The Effects Of Birth Control Essay Research

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The Effects Of Birth Control Essay, Research Paper Richard Bradford IV. Mr. Jonathan Bishop Birth Control Report Tuesday March 28, 2000 The Effectiveness of Birth Control Today?s woman has many birth control options that allow her to plan whether or not she has children, when she has children, and the age difference between her children. This paper is designed as an overview of available options about choosing a birth control method that matches the physical, emotional and lifestyle needs. I personally feel that the pill is a excellent, affordable, 99.5% effective method of birth control. According to Contraceptive Technology, combination pills are approximately 99.9 percent effective if used perfectly. What that means is that one in 1,000 women taking the Pill will get

pregnant in the period of a year. In real-life use, about 3 percent of users get pregnant in the course of a year Statistics state that this is ?usually due to missing one or more pills.? However, two things that should be remembered. Statistics are not everything–the best form of birth control is the one you will use correctly and consistently. Oral contraceptives provide no protection from sexually transmitted diseases such as HIV. So if that is a concern, you should combine the Pill with condoms for an unbeatable combination! At any stage of life, a woman may find that one method of birth control suits her needs better than others. Periodic review of available birth control options will help ensure in choose a method that best meets your current lifestyle. Some factors to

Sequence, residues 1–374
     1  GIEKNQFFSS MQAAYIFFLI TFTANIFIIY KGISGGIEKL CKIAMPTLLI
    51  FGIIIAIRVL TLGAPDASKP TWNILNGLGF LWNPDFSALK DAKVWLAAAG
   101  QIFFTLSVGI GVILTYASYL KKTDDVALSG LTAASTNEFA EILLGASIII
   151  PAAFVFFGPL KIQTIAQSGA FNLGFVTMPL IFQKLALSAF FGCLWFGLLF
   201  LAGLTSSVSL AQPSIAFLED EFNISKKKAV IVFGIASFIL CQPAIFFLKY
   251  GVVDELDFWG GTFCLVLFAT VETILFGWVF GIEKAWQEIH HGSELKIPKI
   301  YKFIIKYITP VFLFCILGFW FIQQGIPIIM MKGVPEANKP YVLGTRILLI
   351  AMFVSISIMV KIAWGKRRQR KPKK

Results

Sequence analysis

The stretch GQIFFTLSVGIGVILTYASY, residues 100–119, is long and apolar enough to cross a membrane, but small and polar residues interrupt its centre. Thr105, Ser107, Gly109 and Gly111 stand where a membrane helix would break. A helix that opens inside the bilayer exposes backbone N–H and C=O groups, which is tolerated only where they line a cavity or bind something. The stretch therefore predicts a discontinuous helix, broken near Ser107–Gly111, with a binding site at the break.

consider that might be important include method effectiveness, permanency, convenience and protection against sexually transmitted diseases (STDs). Some questions that I have are, how safe and effective is the method, will the method affect my sex drive or my partner?s sex drive, is there an age at which I should stop using hormone-based contraceptives, will the birth control method affect my ability to have children in the future, what are my birth control options if I am breastfeeding, what birth control method would you recommend for me at this stage of my life, these are some common question that might and could be asked to be answered by an health care professional. It can be very confusing trying to figure out what these numbers mean. Contraceptive effectiveness is usually

reported as a percentage. These different effective numbers represent success in ?women years.? So if a form of birth control is 98 percent effective, that means that, on average, 98 out of 100 women using it for one year will not get pregnant. Occasionally, contraceptive effectiveness is reported in terms of ?failure rates.? So in the above content, the same form of birth control would have a 2 percent failure rate, meaning that 2 out of 100 women using this form of birth control would get pregnant in the period of one year. You also often see two numbers reported for each form of birth control, ideal and typical. Ideal represents the level of effectiveness if used perfectly every time; typical rates take into account human failure. Here?s a neat trick: you can compute the

effectiveness of combining two forms of birth control by multiplying the numbers. So for example, if you combine a condom (12 percent typical failure rate) with spermicidal foam (21 percent typical failure rate), the failure rate plummets to 2.5 percent. Most people think that the timing of taking the pill is important new statistics say. The timing of when you take the pill makes little difference. The reason doctors tell women to take the pill at the same time every day is so that they want forget. There is no need to set the clock unless you think you will completely forget otherwise. Where you are taking one day?s pill right before bedtime and the next day?s pill when you wake up, but a few hours will not make a difference. The only exception to this rule is if you are on